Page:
All About Wigs
Everything you need to know about wigs!
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If a person requires a "cranial hair prosthesis" while undergoing Alopecia or cancer-related therapy, they may be eligible for reimbursement under their health insurance plan.

If you need to wear a wig because of medical reasons like Alopecia and cancer-related therapy that the "wig" should be called a "cranial or hair prosthesis" for insurance purposes.

If you file an insurance claim for reimbursement for a "wig" instead of a "cranial hair prosthesis" you will very likely be turned down.

Most insurance companies cover between 80 to 100% of a cranial prosthesis.

Insurance Companies are realizing that cranial hair prostheses are more and more a necessity for those suffering from Alopecia and recovering from cancer treatments.

Follow some simple guidelines to assure coverage, when it is available through your insurance company.

Your physician should be able to supply all the details and make the referral for the purchase of your "hair prosthesis". Ask your physician to write a prescription for a "cranial prosthesis".

When receiving your hair prosthesis, have your stylist complete an invoice for a "cranial hair prosthesis"--NOT a "wig"--and use the following guidelines for filing an insurance claim:

CHECK the benefits of your insurance. There should be a section under "covered expenses" relating to prostheses, prosthetic devices or medical durable equipment. Most companies don't spell out exclusions so pay attention to the actual coverage. this will help your case.
Make sure to complete the insurance form and have it signed by your physician.

REQUEST that your physician write a "prescription" for a "full cranial prosthesis" (not a wig) and a letter explaining hair loss and its effects. That it isn't just for cosmetic reasons but for emotional well-being as well.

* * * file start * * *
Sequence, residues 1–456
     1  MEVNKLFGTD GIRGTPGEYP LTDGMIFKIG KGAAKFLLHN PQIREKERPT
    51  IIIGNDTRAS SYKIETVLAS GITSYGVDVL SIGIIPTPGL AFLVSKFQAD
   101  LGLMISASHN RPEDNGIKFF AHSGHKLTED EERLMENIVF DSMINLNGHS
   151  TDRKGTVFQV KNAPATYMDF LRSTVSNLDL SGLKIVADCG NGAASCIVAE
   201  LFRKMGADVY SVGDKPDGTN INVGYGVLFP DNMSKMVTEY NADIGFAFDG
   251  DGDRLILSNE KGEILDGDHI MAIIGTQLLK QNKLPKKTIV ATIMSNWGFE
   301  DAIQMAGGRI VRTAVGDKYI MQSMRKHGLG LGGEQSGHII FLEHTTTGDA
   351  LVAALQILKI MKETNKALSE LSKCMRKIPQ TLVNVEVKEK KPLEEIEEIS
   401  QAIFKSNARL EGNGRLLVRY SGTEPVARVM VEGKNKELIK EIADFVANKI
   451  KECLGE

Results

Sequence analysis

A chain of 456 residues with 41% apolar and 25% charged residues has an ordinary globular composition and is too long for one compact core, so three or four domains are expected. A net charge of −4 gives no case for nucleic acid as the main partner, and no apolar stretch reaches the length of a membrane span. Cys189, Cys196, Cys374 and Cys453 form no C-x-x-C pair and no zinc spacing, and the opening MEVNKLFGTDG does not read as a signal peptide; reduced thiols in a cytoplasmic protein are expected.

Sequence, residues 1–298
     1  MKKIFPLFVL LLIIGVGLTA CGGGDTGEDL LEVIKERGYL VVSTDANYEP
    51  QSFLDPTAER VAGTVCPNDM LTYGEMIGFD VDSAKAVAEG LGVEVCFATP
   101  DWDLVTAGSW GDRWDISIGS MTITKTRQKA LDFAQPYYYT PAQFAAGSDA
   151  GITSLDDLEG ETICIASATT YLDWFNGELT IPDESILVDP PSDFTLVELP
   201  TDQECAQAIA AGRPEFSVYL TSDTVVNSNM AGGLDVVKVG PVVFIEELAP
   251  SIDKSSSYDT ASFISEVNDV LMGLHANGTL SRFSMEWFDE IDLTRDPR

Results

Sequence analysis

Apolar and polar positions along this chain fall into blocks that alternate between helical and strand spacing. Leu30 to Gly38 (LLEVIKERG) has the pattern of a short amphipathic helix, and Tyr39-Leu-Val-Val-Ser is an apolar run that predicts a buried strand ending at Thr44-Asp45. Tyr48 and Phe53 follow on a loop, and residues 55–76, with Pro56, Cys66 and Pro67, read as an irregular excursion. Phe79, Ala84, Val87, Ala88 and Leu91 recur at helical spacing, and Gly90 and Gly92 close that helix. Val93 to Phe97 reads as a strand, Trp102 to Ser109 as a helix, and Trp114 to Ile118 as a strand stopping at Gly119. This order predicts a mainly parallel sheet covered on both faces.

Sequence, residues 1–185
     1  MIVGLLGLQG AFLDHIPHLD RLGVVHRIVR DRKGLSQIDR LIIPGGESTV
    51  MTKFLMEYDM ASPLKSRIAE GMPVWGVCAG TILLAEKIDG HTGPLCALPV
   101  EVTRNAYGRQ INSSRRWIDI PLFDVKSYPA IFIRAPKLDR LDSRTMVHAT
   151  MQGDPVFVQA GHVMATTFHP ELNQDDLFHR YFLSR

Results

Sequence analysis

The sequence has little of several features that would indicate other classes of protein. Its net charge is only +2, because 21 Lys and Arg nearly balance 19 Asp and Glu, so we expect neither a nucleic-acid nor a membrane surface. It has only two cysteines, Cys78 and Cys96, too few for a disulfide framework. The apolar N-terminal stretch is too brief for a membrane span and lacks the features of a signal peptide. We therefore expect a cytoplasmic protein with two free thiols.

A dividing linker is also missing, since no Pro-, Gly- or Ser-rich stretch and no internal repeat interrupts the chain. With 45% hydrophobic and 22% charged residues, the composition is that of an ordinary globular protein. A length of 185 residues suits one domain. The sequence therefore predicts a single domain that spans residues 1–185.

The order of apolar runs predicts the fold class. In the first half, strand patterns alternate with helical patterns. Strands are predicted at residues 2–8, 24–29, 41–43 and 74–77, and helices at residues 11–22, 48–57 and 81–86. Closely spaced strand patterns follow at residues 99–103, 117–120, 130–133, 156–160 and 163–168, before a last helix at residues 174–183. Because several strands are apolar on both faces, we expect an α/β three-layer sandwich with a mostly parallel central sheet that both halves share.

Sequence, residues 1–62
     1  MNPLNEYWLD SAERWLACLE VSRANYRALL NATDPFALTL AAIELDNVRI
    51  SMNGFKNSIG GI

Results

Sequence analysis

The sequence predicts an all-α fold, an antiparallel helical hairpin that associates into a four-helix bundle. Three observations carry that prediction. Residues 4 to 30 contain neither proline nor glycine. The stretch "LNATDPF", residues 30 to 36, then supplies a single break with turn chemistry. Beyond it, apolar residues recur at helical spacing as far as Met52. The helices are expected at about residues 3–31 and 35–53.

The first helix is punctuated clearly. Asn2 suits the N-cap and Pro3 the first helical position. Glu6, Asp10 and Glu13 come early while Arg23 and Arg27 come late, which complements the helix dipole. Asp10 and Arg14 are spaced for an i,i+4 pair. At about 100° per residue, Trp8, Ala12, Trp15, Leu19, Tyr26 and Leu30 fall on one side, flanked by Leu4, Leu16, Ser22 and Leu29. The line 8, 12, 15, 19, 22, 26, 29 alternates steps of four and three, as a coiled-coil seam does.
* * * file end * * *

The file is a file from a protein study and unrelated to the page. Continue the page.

Keep copies of your sales or invoices for your cranial prosthesis. (Portions of unpaid items by insurance are tax deductible.)

ENCLOSE a letter to the insurance company stating the necessity of a prosthesis.

Some optional suggestions are:

- include a letter from your employer
- take pictures of yourself without hair
- hand write a letter detailing the emotional effects that your condition has had on your life
- bring a copy of your prescription and paid bill to the American Cancer Society for partial reimbursement.

If your insurance coverage is denied, you can appeal it by:

a. asking for review by a medical review board, include the original claim

b. asking for a written reply as to why the claim was denied.

c. sending a letter to the claims department supervisor.

These steps are for reference only. Remember to follow the procedures outlined by your insurance company to receive the fullest benefits possible. Most companies will cover between 80% and 100%. Individual insurance companies, as well as the state insurance board (each state varies), may have other or additional steps to complete.

If you don't have insurance, contact your state or county agencies. The county department of social services offers medical assistance in most states for individuals who meet certain income guidelines.

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